Barry Evans' Field Notes are eagerly anticipated and thoroughly appreciated whenever they appear. His most recent ("Evolution Isn't Progress," Dec 18) overview of processes of evolution was concisely organized and delivered some valuable insights.
How easily that phrase "survival of the fittest" now rolls off our tongues. However, Darwin carefully described selection as the survival of the fit. To me, this is an important distinction. To survive, we need not be superlative, besting every other creature. What we must do is fit our environmental niche. (That includes our social environment.)
Being good enough is good enough.
Framing our existence as "survival of the fittest" has led us to emphasize the tooth-and-claw scramble to overcome all others and belittled the survival value, the survival necessity, of community and cooperation within and between species. What progress we can see in the development of our species and our society is less the result of individuals' drive to succeed and dominate than it is from our interdependence and care for others.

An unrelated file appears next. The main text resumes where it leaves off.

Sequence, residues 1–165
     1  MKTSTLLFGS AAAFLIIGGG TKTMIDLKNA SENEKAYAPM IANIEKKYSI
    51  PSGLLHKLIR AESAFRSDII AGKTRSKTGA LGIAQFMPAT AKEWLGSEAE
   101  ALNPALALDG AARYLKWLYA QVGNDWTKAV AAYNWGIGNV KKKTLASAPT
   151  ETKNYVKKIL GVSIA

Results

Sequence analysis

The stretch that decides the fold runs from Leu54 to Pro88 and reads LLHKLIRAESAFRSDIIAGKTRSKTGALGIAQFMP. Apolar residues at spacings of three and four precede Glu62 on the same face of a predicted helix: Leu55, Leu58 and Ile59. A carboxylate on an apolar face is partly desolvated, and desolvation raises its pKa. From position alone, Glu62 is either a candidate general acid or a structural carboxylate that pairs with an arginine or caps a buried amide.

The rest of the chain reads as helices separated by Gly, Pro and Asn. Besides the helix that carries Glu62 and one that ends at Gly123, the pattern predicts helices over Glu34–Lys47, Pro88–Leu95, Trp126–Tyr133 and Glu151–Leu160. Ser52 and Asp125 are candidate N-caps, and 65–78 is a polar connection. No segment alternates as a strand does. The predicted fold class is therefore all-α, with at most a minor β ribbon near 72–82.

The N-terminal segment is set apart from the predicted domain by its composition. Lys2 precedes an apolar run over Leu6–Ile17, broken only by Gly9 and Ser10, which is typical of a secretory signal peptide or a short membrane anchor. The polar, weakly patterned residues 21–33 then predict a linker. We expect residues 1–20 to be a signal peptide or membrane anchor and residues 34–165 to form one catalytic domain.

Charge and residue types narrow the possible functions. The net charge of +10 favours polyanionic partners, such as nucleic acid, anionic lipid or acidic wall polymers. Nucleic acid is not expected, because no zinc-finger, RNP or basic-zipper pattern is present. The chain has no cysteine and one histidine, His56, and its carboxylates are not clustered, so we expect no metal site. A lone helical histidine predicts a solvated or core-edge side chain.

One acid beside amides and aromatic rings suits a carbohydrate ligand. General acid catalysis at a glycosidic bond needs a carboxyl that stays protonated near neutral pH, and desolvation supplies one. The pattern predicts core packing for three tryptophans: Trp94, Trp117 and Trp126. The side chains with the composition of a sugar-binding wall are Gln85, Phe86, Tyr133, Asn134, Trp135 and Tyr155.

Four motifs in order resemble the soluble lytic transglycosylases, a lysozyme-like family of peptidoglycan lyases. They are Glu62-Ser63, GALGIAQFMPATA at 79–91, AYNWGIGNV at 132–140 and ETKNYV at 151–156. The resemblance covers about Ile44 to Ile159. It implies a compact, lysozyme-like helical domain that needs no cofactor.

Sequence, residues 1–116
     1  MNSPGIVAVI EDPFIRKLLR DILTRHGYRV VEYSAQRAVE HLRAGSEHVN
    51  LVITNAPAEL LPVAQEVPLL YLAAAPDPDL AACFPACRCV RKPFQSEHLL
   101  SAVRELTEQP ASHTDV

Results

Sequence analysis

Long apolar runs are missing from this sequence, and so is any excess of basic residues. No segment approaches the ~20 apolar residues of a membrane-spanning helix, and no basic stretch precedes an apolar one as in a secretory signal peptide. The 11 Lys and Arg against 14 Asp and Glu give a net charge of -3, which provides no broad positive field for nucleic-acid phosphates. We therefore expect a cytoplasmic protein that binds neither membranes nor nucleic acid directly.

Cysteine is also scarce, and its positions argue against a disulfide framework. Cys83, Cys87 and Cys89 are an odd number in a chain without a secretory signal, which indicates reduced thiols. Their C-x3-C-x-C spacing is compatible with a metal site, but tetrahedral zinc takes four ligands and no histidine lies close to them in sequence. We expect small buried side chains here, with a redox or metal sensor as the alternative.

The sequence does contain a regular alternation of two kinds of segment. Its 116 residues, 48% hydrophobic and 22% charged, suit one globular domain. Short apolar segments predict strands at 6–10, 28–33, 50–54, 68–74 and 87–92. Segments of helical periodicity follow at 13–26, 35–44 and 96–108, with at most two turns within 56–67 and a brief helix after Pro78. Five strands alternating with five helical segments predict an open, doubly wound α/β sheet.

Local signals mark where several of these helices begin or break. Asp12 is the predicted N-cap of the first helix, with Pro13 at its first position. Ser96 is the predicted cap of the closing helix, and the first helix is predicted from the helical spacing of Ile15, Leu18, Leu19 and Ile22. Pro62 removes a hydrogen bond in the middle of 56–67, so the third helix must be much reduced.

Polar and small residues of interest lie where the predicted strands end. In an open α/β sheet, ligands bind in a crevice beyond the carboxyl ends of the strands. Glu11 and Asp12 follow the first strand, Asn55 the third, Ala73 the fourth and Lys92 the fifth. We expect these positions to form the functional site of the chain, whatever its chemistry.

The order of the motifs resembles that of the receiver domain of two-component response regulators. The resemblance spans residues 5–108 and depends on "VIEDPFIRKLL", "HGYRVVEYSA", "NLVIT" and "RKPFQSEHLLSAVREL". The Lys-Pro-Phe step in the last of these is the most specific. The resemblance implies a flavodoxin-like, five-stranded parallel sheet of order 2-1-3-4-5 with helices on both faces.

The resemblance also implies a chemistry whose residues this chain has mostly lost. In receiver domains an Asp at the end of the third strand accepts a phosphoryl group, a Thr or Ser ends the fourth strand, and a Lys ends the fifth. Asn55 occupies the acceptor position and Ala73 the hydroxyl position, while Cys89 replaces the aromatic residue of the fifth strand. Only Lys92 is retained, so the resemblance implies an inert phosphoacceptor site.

Chip Sharpe, Bayside